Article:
Through the emergence of ever more intelligent devices and the progressive technological development, the way we interact with devices surrounding us will change in the future. The implementation of touchless interactions into everyday life may become the next paradigm shift in interface design. In this context, we have conducted a comprehensive study on the conception and use of touchless microgestures.
For our research, we designed microgestures from the ground up, both the motion sequence and the function triggered with it. The developed gestures were evaluated on the basis of prototypes and user tests. From the gained knowledge, we developed design rules as well as principles for the design of gesture-controlled interfaces.
In order to test and evaluate the developed microgestures, we created various functional prototypes. For the realization of the prototypes, we selected the motion capture camera Leap Motion as tracking tool for the hand motions. With these functional prototypes we conducted expert interviews and usability-tests.
While testing the usability of each prototype respectively microgesture, we focused on six previously defined criteria, which we later visualised in a spider chart. With the gathered data about the criteria and the gained insights from the interviews, the microgestures were accordingly adjusted and improved.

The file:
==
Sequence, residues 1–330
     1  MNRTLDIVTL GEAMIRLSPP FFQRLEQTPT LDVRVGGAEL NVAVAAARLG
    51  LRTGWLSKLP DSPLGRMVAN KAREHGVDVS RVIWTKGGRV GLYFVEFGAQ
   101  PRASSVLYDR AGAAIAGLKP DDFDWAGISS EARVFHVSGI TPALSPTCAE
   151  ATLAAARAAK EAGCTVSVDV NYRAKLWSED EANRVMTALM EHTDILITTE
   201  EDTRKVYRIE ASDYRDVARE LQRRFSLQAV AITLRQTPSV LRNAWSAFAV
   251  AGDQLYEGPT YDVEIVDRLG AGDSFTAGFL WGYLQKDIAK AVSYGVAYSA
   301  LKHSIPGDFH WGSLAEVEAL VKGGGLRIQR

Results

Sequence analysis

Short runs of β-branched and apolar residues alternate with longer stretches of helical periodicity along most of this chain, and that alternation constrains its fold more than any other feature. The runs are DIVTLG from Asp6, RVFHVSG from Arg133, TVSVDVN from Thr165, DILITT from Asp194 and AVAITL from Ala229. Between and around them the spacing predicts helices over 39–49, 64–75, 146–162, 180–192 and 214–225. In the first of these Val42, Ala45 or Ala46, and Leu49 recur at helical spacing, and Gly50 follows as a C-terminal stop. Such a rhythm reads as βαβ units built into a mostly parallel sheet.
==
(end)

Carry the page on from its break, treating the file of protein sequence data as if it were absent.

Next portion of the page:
We eventually applied the revised microgestures to real use cases to see how they work out in everyday use. To simulate an everyday use we applied gesturecontrol interfaces to a living-room-like setting. Within this setting, we installed an AppleTV and a lamp, which both can be controlled only by using microgestures.
For the AppleTV we utilized the gestures to navigate through the User Interface. The slide gesture was used to navigate horizontally, the scroll gesture to navigate vertically. With a tap on the left or on the right side of his finger, the user can move through the navigation hierarchy.
The lamp can be controlled by using the tap gesture to turn it on and off or by using the drag and drop gesture to dim the light.
To apply the concept of microgestural interaction to a device or a general use case, we had to define the context and functionality. Since touchless interactions always had the problem of missing feedback, the user often does not recognize when he is detected by the device or when a certain function was triggered.
The following interaction concept constrains the possible uses to avoid that functions are unintended triggered and helps the user to control the device more enjoyable. The first method to improve the interaction is to limit the area of gesture recognition. The user has to point with his hand towards the object if he wants to interact with it. His arm vector has to hit a certain area around the device to be recognized by it.
The second parameter that should be adjusted is the time the device needs to recognize the user. If the user points towards the device, he has to stay within the area for a certain amount of time to be noticed. This ensures that only conscious movements by the user are recognized as gestures and the natural behaviour will not interfere with it.
This is a student project created during 3rd semester 2016/17 as part of a course in Invention Design — by Jörg Beck.
Max Mertens Janis Walser-Cofalka